The United Nations Human Rights Council voted on Wednesday to extend the mandate of its Special Rapporteur on the Situation of Human Rights in Iran.
Political prisoners in Iran, including supporters of the main opposition People’s Mojahedin Organization of Iran (PMOI or MEK) had written to Council Members earlier this month urging them to support the extension of Dr. Ahmed Shaheed’s mandate in this Council session.
The decision was adopted by a vote of 20-15 with 11 abstentions.
Dr. Shaheed in a report last week to the council raised continuing serious concerns about the extremely high rate of executions, especially for juvenile offenders, and fundamental flaws in the administration of justice in Iran.
Iran’s regime executed at least 966 prisoners in 2015, the highest such rate in 10 years, Dr. Shaheed said as he presented his latest report to the Human Rights Council in Geneva on March 14.
“With at least 16 juvenile offenders reportedly hanged between 2014 [and] 2015, Iran remains one of a few countries still resorting to this practice despite a strict prohibition against it under international law,” Dr. Shaheed said, urging the Iranian regime’s officials to “put aside efforts at piecemeal reform in this area and ensure, once and for all, that no boy or girl who commits a crime under the age of 18 is ever put to death.”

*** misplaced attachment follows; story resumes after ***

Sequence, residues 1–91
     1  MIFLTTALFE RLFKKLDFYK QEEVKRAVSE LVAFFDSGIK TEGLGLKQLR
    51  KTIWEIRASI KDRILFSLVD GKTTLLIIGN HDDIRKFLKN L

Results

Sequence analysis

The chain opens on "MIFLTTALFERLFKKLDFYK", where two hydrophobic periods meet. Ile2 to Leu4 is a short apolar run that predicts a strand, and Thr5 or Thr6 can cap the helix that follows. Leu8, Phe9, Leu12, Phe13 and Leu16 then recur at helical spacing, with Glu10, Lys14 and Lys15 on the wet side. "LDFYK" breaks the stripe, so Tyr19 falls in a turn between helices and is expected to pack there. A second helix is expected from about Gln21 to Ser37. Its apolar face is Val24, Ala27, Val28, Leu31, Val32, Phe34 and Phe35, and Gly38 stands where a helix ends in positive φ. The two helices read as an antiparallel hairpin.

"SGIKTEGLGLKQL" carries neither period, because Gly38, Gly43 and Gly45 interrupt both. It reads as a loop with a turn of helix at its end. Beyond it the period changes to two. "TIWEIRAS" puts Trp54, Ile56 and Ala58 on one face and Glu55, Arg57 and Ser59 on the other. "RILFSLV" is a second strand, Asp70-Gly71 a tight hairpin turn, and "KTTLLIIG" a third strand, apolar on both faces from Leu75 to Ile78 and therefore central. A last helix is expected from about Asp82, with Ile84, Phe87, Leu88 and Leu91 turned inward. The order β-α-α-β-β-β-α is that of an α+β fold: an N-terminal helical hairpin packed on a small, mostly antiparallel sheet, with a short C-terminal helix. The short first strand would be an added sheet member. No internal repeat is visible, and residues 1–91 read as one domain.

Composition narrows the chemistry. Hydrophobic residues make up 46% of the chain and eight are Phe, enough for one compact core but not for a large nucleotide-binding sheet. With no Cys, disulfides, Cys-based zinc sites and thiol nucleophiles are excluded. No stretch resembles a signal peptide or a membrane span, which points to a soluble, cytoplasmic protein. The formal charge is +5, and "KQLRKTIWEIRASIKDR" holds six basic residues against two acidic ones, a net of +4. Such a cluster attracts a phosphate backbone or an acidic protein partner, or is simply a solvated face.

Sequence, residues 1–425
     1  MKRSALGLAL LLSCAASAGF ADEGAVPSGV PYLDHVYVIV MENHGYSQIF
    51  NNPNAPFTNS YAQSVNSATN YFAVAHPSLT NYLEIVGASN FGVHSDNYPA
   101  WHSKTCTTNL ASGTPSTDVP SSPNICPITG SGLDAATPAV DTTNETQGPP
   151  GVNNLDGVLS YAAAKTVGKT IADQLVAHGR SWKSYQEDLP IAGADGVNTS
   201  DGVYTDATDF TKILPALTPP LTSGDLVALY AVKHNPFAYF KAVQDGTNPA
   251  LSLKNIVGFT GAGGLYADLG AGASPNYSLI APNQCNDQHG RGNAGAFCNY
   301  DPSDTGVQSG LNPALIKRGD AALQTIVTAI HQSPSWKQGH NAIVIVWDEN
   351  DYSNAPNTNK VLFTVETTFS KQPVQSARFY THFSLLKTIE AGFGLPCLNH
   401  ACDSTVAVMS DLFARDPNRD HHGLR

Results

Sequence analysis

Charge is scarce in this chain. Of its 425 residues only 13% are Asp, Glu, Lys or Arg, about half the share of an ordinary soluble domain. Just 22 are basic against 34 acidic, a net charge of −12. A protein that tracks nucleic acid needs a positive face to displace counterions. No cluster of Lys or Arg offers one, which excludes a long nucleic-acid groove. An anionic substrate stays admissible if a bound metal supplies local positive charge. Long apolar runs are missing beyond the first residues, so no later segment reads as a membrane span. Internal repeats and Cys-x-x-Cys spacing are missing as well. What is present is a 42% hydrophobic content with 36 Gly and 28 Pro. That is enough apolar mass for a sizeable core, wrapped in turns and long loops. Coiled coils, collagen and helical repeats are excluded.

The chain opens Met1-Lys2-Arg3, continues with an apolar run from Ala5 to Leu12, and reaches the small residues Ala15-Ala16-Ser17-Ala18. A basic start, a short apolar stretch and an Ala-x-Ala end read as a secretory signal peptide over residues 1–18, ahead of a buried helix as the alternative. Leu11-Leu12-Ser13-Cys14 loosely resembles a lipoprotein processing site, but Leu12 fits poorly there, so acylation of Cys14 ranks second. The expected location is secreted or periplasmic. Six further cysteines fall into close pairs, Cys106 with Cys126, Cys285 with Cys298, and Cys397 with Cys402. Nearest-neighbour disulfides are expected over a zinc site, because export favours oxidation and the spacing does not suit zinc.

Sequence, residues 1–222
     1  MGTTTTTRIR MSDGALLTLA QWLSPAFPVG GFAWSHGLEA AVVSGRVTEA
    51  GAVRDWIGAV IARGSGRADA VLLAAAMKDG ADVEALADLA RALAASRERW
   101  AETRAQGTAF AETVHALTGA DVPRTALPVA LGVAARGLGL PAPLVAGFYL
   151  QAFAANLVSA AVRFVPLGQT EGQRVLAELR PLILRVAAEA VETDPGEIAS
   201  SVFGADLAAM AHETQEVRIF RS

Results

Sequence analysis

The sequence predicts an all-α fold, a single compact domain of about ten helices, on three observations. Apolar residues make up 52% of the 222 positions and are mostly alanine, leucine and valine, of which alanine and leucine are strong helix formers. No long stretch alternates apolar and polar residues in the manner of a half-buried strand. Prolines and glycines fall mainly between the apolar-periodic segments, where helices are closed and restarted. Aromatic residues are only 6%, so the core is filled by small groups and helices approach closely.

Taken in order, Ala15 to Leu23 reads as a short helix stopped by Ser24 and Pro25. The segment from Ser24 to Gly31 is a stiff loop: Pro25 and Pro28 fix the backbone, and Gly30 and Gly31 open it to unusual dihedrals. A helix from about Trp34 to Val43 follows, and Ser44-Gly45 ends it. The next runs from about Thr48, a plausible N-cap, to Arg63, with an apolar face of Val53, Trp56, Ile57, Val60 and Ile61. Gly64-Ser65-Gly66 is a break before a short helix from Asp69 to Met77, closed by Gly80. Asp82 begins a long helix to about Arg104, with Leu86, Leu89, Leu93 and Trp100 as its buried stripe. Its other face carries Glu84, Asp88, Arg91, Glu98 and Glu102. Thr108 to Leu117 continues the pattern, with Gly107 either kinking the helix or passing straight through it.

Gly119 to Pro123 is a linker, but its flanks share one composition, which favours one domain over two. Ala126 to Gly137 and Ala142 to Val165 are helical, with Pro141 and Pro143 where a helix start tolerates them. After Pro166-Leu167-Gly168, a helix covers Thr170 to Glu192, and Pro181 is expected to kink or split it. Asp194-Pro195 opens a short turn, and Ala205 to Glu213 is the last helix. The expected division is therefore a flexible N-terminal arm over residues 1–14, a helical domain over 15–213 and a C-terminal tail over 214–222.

Dr. Shaheed also highlighted fundamental flaws in the administration of criminal justice, ranging from laws that expressly violate the Iranian regime’s legal obligations to the failure of security, intelligence and judiciary officials to faithfully and properly implement provisions of Iranian law that comply with international law.
Dr. Shaheed noted reports that individuals accused of national security and drug crimes are often deprived of the most basic due process and fair trial rights, including proper access to lawyers, long periods of incommunicado detention, torture and ill-treatment and forced confessions used in court to secure convictions.
Dr. Shaheed’s report, which assesses developments since October 2015, also covers other areas of serious concern such as restrictions on the right to freedom of expression, freedom of association and the right to free and fair elections, women’s rights and concerns regarding the rights of religious and ethnic minorities, according to the UN website.